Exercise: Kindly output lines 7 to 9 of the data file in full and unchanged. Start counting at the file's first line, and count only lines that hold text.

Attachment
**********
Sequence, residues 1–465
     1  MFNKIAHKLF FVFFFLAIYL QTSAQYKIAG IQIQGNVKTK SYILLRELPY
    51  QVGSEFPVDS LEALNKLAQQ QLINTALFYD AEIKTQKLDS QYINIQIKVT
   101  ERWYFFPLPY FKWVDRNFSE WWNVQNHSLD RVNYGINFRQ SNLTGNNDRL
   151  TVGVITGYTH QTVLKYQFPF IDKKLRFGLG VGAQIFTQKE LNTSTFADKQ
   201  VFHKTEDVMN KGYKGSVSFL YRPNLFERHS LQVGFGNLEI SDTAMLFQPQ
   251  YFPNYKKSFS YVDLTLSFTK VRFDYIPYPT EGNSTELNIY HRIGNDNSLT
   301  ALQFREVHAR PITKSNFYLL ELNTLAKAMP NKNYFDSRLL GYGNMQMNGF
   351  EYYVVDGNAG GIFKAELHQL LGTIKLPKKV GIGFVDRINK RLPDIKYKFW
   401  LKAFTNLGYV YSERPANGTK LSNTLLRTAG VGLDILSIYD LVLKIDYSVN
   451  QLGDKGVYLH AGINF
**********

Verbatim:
   251  YFPNYKKSFS YVDLTLSFTK VRFDYIPYPT EGNSTELNIY HRIGNDNSLT
   301  ALQFREVHAR PITKSNFYLL ELNTLAKAMP NKNYFDSRLL GYGNMQMNGF
   351  EYYVVDGNAG GIFKAELHQL LGTIKLPKKV GIGFVDRINK RLPDIKYKFW